Implemented in June, this is the first academic year since a trash talking ban was put into effect on high school athletes in New Jersey.

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Under the new rules, high school athletes who use taunts, profanity, racial slurs or biased language can be kicked off of their teams. Certain violations can be reported to the State Attorney General's civil rights office for further action. So far, 20 athletes have been disqualified from play.

"We have gotten reports that officials are reading the new rules at every game and every level. The schools have embraced it," said Larry White, assistant director at the New Jersey State Interscholastic Athletic Association.

"Many schools and athletes believe this is how it should be and how it should've been all along. It should never be about talking, but about letting your actions show what you're about on the field. So far, 20 athletes have been disqualified, some for physical, unsportsmanlike, flagrant behavior but it's also for any verbal violations. I saw one player disqualified because of profanity and an ethnic slur."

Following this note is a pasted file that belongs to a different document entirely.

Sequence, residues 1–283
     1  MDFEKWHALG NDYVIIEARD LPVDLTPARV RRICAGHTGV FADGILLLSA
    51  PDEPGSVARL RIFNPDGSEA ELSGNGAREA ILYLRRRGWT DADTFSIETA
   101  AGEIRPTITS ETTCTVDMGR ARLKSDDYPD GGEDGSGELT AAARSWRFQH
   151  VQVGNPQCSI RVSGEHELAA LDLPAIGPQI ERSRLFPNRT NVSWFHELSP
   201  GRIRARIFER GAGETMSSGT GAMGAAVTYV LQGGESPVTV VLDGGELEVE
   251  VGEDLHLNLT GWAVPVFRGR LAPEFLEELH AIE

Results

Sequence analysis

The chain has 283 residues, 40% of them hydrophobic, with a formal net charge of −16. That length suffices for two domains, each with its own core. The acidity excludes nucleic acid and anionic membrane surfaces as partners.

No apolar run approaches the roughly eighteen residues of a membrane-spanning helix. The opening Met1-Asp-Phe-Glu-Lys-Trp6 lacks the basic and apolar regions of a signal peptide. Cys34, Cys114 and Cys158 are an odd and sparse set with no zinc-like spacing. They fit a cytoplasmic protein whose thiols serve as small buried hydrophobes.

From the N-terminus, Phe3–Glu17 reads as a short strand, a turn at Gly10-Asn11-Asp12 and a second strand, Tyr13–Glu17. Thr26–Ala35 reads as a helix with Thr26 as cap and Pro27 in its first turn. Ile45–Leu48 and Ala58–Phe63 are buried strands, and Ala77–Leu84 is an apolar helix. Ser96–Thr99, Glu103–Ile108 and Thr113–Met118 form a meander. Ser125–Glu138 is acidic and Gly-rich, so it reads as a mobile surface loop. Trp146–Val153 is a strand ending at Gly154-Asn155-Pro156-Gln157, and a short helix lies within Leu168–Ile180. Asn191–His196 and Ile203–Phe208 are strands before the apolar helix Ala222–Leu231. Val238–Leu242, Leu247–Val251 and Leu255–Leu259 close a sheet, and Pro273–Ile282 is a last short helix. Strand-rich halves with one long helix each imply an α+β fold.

Because the trash talking ban is new, there is no data to compare it to from previous years, but White believes it's been effective.

"We never tracked disqualifications in previous years for profanity which included racial, gender, disability, ethnicity, sexual orientation or religious affiliation," said White. "But I did see a report from a recent scrimmage between an inner city school and a suburban school in which a player actually went to the civil rights office in Newark and explained that everything went well and for the first time, no one heard the racial slurs that they always heard. Officials are reading the new rules before games and they are being heard."

"Language of this type is not condoned and would never be tolerated in the classroom. Interscholastic sports are an extension of the classroom. So, this is why we're saying it can't be tolerated on the fields, the courts, the rinks, the mats, wherever. It's important to get high school sports back to where it's playing the sport, not the taunting, not the baiting, not the slurs," said White.